Baum brings though to his imprisonment a piteous bewildering in Bini’s and Kafka’s hands and his final explosion shows he’ll never forgive. Baum’s I’ll be revenged on the whole pack of you’ really slaps ‘pack’ as a bark. Unreconciled, this Malvolio’s torn into villainous rage, mortified by a passion exposed, ridiculed and however well-meaning Olivia is, emotionally dismissed.
Natasha Kafka is another absolutely outstanding performer here in a strong cast. Not content with arranging the songs – and surely her two-violin accompaniment to ‘Eleanor Rigby’ is the masterpiece – Kafka’s Feste is sharp yet lyrical, leading ensemble singing – not (sadly in a way) the set songs but in Beatles numbers. Her prose Feste’s sudden with moments of struck wit, her verse persona now limited. This Feste bounces off non-existent walls. Trees perhaps.
To Baum she twists her Sir Topaz accent round her Feste one in a rapid-fire oscillation, with professional assurance in just hours – this as a young actor starting out. Beyond this Kafka’s on point when investing Feste with a knowing sexual insight, an edgy desire to push Pickett’s already anxious Olivia and a smorgasbord of mockery to Caesario in whom she scents danger, in her ‘I do not like you’.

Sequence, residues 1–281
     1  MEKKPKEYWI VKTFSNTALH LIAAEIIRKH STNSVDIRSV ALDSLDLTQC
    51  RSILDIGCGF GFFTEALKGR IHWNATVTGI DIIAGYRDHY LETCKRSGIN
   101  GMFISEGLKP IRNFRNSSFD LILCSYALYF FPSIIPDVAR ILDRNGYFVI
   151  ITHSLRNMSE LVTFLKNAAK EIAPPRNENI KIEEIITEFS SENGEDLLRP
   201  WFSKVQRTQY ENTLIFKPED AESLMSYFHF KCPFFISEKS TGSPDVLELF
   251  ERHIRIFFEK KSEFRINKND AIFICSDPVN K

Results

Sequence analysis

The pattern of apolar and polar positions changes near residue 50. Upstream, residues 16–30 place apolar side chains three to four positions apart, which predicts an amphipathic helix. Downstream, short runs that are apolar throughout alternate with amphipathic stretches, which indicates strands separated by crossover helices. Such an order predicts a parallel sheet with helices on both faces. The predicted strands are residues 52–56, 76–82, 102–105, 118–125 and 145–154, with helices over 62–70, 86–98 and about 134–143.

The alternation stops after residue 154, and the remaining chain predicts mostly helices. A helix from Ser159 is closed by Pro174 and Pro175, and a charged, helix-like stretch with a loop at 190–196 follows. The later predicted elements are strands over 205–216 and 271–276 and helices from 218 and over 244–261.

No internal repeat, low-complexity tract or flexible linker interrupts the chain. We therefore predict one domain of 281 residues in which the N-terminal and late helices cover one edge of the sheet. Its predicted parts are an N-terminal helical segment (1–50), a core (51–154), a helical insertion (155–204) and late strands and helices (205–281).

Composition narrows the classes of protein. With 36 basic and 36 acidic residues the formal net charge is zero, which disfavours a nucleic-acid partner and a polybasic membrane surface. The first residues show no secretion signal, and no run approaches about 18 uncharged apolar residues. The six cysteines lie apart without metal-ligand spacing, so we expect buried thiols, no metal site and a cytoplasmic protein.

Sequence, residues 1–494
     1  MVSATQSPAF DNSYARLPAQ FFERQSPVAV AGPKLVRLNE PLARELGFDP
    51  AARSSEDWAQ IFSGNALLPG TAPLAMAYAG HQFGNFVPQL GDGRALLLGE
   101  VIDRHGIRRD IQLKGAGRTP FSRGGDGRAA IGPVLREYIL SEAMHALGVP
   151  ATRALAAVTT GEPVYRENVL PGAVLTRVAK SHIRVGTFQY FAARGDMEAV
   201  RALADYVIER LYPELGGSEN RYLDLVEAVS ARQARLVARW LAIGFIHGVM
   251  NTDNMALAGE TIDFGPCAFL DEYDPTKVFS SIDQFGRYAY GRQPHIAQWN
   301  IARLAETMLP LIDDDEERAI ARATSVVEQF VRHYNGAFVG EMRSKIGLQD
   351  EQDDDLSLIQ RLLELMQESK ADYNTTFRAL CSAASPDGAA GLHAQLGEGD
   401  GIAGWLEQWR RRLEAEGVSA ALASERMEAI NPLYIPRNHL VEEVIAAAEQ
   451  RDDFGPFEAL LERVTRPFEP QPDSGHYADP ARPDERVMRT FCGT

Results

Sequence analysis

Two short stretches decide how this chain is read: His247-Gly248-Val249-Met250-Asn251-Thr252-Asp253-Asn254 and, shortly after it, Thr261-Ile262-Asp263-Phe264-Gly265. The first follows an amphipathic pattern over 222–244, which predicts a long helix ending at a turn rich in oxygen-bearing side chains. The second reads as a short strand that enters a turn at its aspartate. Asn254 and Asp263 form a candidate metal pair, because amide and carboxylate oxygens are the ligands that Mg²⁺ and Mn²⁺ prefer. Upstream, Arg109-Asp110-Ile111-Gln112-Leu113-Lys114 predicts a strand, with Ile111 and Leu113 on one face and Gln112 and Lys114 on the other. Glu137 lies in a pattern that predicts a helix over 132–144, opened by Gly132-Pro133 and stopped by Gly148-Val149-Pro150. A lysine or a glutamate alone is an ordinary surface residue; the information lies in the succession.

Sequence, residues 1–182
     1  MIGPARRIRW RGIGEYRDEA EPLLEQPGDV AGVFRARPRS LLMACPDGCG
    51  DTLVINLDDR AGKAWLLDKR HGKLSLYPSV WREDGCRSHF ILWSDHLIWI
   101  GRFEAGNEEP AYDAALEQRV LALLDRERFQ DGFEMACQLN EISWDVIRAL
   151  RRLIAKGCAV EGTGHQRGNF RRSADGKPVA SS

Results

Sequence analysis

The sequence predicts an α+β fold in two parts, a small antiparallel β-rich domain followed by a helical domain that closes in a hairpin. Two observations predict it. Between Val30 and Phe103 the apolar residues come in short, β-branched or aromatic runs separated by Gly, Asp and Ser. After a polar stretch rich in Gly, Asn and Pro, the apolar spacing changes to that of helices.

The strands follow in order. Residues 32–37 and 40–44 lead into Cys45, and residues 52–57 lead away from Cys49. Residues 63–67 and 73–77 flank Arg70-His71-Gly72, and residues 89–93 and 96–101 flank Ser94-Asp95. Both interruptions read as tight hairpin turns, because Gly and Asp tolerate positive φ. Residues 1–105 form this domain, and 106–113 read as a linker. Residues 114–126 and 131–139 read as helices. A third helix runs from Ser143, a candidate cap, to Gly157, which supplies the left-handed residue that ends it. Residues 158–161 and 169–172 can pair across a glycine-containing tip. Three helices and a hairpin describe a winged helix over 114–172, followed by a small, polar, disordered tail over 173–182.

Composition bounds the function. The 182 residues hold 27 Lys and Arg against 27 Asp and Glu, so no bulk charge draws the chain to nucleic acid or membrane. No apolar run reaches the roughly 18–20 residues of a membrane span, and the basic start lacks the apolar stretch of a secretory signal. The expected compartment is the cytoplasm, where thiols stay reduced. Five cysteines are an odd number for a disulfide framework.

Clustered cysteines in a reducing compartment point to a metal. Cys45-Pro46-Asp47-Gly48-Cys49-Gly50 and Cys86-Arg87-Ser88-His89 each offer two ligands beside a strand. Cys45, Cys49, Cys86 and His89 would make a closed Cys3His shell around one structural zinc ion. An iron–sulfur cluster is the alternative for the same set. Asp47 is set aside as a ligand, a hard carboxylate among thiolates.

Sharon Drain’s Fabian is sober and impresses us with a kind of decency behind the jinks – and it’s Fabian whose function it is to bear news: the other pranksters Belch and Maria have effectively eloped. The OFS-seasoned Drain brings a credible level of contrition to Fabian, suggesting she might not be cast off perhaps.
Alex Louise’s Antonio is visibly in love with Baeza’s Sebastian, importuning him in a winding of some delicacy, all to no avail. Louise conveys Antonio’s hurt on Sebastian’s seeming non-recognition and shaking-off fury at her tormentors. Her way with Mullock’s mistook twin is passionate and a tiny bit heartbreaking. Baeza’s full-blooded recognition of her at the end, after all her durance and imprisoning, seems an emotional release for both.
Katarina Henderson’s poise continues to impress quietly with small roles – here as Valentine and Servant. All these cameos build for terrific experience in young cast members.
Ava Dodsworth, Mullock’s slightly redder-haired double this week plays smaller roles – servant Curio and Sea Captain with just the right solicitude and faintly gruff warmth in the latter role.
Stalwart Katey Ann Fraser this week takes the small role of 1st officer with habitual aplomb. Alissandra Henderson continues strong in her tiny roles of Priest and 2nd Officer.
The end’s elegaic too, with Kafka’s Feste leading the cast in ‘Let It Be’. A director whispered cheekily: ‘After the weather and as ‘for the rain it raineth’ is cut maybe ‘Here comes the sun’ would have been inspired!’ True, though ‘Let it Be’ is a balm: Malvolio’s non-appeasement and the falling-out of circumstance, falling-in of love being let be to blossom. Perhaps too it’s the end of innocence.